16 Staff Members Detained Over Tuesday’s Deadly Blast At Beirut’s Port At Lebanon
Lebanese authorities had announced an investigation into Tuesday’s explosion, which they said was triggered by a fire igniting 2,750 tonnes of ammonium nitrate stored in a warehouse at Beirut’s port.
Lebanon’s foreign minister said on French radio Thursday that an investigating committee had been given four days to determine responsibility for the deadly blast, which killed more than 130 people and wounded at least 5,000.
Military prosecutor Fadi Akiki said in a statement that 18 staffers at Beirut’s port had been called in for questioning, 16 of who remain in custody pending further investigations.
They include port and customs officials as well as maintenance workers and their managers, Akiki said.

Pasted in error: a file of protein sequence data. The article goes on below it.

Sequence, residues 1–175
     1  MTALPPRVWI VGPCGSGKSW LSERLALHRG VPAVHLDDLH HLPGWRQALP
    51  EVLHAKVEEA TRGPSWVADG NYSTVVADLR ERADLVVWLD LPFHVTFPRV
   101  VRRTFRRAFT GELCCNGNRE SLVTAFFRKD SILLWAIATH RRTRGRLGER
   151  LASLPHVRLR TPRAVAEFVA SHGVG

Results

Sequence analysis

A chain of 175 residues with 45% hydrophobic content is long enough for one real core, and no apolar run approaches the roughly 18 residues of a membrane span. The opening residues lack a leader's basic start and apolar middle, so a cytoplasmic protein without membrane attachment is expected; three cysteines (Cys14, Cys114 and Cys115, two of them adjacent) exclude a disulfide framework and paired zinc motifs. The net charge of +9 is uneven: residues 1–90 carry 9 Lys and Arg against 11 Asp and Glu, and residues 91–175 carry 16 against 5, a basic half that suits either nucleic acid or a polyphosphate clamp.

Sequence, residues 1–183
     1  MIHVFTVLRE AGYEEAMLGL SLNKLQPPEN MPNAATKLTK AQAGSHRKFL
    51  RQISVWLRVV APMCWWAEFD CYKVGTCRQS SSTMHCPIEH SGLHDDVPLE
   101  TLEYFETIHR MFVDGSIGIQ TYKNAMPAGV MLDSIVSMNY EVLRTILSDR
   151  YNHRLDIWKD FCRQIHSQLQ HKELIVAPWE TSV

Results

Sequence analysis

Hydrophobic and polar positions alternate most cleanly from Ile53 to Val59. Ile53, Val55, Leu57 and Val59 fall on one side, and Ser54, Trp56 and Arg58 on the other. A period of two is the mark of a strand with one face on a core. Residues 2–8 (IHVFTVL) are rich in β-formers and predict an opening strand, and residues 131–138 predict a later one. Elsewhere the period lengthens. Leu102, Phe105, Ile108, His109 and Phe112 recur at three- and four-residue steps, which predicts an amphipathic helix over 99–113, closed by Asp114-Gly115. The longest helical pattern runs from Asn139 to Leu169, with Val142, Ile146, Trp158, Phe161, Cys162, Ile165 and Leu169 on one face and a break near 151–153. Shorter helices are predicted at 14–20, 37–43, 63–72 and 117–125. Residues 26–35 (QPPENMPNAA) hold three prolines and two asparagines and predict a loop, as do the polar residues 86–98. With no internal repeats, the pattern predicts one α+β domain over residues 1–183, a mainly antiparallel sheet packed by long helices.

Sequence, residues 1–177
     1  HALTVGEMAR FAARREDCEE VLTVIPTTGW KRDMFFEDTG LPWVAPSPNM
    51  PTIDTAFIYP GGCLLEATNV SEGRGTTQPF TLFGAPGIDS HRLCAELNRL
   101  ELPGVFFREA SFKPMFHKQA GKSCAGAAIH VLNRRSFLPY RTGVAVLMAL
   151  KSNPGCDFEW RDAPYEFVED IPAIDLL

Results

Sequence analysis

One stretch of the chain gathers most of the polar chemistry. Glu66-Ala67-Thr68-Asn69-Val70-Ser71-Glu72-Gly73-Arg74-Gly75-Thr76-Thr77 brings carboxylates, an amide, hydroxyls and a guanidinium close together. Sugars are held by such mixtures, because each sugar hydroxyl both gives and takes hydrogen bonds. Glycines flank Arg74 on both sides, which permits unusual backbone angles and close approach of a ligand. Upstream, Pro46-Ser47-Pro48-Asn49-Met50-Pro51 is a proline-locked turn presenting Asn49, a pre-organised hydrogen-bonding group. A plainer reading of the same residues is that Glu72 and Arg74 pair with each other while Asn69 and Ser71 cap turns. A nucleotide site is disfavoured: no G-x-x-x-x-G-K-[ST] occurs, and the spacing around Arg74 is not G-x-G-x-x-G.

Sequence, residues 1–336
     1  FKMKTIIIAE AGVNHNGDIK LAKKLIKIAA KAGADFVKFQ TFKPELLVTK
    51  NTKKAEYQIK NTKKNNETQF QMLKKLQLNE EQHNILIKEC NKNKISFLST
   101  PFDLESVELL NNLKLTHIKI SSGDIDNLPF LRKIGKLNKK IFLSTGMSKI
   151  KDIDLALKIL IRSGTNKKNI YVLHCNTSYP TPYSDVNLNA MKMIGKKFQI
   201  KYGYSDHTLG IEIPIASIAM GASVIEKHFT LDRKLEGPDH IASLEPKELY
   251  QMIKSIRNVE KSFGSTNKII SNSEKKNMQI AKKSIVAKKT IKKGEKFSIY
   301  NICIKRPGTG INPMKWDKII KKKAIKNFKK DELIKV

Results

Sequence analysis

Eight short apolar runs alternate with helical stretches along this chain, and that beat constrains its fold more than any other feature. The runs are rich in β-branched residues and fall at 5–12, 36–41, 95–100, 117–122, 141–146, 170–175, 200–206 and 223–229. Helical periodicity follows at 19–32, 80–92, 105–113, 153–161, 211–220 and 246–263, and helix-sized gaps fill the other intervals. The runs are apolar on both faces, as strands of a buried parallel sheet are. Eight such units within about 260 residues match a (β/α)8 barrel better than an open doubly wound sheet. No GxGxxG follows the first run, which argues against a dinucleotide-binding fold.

His statement came as an official confirmed to AFP that the central bank had ordered an asset freeze for seven port and customs officials, including Badri Daher, director-general of Lebanon’s customs authority.
The official spoke on the condition of anonymity because he is not authorised to speak on the issue.
A banking source confirmed to AFP that all the country’s commercial banks received the order, which also lifts banking secrecy from accounts owned or linked to those in question.
Even as they counted their dead and cleared streets of debris, many Lebanese were boiling with anger over a blast they see as the most shocking expression yet of their leadership’s incompetence.
Many have raised questions as to how such a huge cargo of highly explosive material could have been left unsecured for years.
French President Emmanuel Macron, who visited Lebanon on Thursday, called for an international enquiry, echoing demands widely supported in Lebanon and abroad for an independent probe.